You can do these activities at any time, and they will provide many benefits the more you practice them. Some examples of exercises like these are:

Doing Mental Math

Most people are quick to whip out their phone’s calculator app and do the math the easy way. Train yourself to do it in your head, but keep it reasonable.

Listing One Noun for Each Letter of the Alphabet

For example, A is for apple, B is for bison, C is for carrot. You can challenge yourself by doing this in reverse or telling yourself you can’t use the same word for a whole week for this exercise.

Counting Large Numbers Backwards

You can add a layer of challenge to this by seeing how fast you can count backwards.

9. Smile More

The last mental activity that I will suggest to boost the levels of the mind is to smile more often. Of course, you want to have a reason to smile, but there is a lot of weight behind a smile. A smile pushes our brain to release certain chemicals that make us feel happier and want to smile more. This helps significantly when we are experiencing some kind of pain.

All of this is a call back to the old saying of “grin and bear it.” This is particular important because it influences our physical state.[2]

Final Thoughts

Understanding the levels of the mind is simple in concept, but each level adds layers of challenge. We have a (more or less) complete understanding of our conscious mind and can, in turn, alter it at will. However, our preconscious and subconscious mind need more work.

Advertising

With the help of these activities, you can boost your understanding of these levels and improve your life.

More Tips on Developing the Mind

Featured photo credit: Rebe Pascual via unsplash.com

Reference

More by this author

Leon Ho

Founder & CEO of Lifehack

How to Prioritize Right in 10 Minutes and Work 10X Faster How to Achieve Goals and Increase Your Chance of Success how to start over How to Start Over and Reboot Your Life When It Seems Too Late How to Focus and Maximize Your Productivity (the Definitive Guide) Do You Know Your Motivation Style?

Trending in Brain

1 How to Develop Big Picture Thinking And Think More Clearly 2 11 Essential Philosophy Books That Will Open Your Mind 3 4 Ways to Develop a Flexible Mindset 4 How to Tap into Your Right Brain’s Potential 5 Are You Right-Brain Dominant? (7 Right Brain Characteristics)

Read Next

Advertising
Advertising
Advertising

Published on November 23, 2020

How to Develop Big Picture Thinking And Think More Clearly

How to Develop Big Picture Thinking And Think More Clearly

Your neighbors downstairs are playing loud music. Again. How do they not get tired of partying? And why do they choose songs with such a heavy downbeat that the glass in your cupboard is vibrating every two seconds? What can you do to get some peace that you deserve? What should you?

Human mind tends to go in circles whenever faced with a problem without a clear solution. It becomes easy to forget the big picture and get lost in anger and self-pity, wasting our precious time, energy and enthusiasm.

Would it not be nice if we always remembered to put things in perspective?

Would it not be more efficient to face all kinds of problems, from tiny annoyances to life-changing emergencies, with a calm demeanor, sharp focus and fearless determination to promptly take the most efficient action possible?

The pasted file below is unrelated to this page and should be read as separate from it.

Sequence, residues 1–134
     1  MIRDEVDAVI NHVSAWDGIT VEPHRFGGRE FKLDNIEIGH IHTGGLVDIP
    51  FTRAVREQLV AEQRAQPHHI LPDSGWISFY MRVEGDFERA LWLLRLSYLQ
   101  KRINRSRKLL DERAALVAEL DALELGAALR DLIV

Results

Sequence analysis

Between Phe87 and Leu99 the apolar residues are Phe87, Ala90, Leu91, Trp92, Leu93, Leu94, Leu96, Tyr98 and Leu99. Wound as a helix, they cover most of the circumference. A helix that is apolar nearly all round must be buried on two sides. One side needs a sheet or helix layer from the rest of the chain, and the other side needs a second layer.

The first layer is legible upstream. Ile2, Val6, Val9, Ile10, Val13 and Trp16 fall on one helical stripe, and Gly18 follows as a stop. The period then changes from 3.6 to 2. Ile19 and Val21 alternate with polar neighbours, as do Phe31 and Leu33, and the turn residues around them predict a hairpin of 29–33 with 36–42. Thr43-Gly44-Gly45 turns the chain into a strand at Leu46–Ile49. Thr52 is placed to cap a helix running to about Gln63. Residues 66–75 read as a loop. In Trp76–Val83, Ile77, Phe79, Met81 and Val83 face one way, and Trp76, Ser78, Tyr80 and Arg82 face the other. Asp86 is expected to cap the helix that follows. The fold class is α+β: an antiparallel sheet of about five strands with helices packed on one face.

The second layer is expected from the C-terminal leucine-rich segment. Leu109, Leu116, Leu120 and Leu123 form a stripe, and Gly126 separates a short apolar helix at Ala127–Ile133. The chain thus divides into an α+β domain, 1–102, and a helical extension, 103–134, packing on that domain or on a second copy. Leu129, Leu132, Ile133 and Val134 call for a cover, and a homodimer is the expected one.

Alas, humans are not like that. All too often we let anxiety or greed get the best of us and make a rushed or shortsighted decision that we quickly come to regret. Other times, we spend weeks or months at an impasse, rehashing the exact same arguments, unable to accept the compromise required to move forward with any of the available options.

Buddhists talk about getting lost in the “small self.” In this state of mind, we literally forget the big picture and focus on the small one. We start taking our daily problems too personally and, paradoxically, becomes less capable of solving them in an efficient manner. And this is the opposite of big picture thinking.

Let me share with you a story related to big picture thinking…

In 1812, the French army of Napoleon Bonaparte invaded Russia.[1] After a decisive Battle of Borodino, the capture of Moscow and therefore Napoleon’s victory in the war seemed inevitable.

Unexpectedly, the Russian Commander-in-Chief Mikhail Kutuzov made a highly controversial decision of retreating and allowing the French to capture Moscow. Much of the population had been evacuated taking supplies with them. The city itself was set on fire and large parts of it burned into the ground.

Advertising

After waiting in vain for Russia to capitulate, Napoleon had to retreat in the middle of a bitterly cold winter. He won the battle but lost the war. The campaign ended in a disaster and the near destruction of the French army.

What can we learn from this historical lesson?

1. Focus on the Consequences

Napoleon focused on the important part: capturing Moscow. Nobody could accuse him of thinking small. Yet he overlooked that the Russian army could still fight even after giving up the country’s most important city.

So was Moscow not an important target after all?

Success expert Brian Tracy has a litmus test: things are important to the extent that they have important consequences. Things are unimportant to the extent that they have no important consequences.[2]

When faced with a choice, ask yourself, what would be the consequences of each option?

  • Want to spend an hour studying or watching the new series on Netflix? What would be the consequences of each option? Netflix can sometimes be a better choice, but it helps to put things in perspective.
  • Want to maintain your apartment by yourself or to pay a cleaning service? Would would be the consequences of each option?
  • Want to meet up for coffee with this acquaintance of yours or catch up on your work instead? What would be the consequences of each option?

The choice can be different for different people. An aspiring filmmaker may have a legitimate reason for choosing Netflix. Personally, cleaning your own apartment can be relaxing and nourishing even if the economics of hiring a cleaner looks compelling because you are earning a high hourly rate.

This is where you will need a basic idea of who you are — what are your goals, values and aspirations.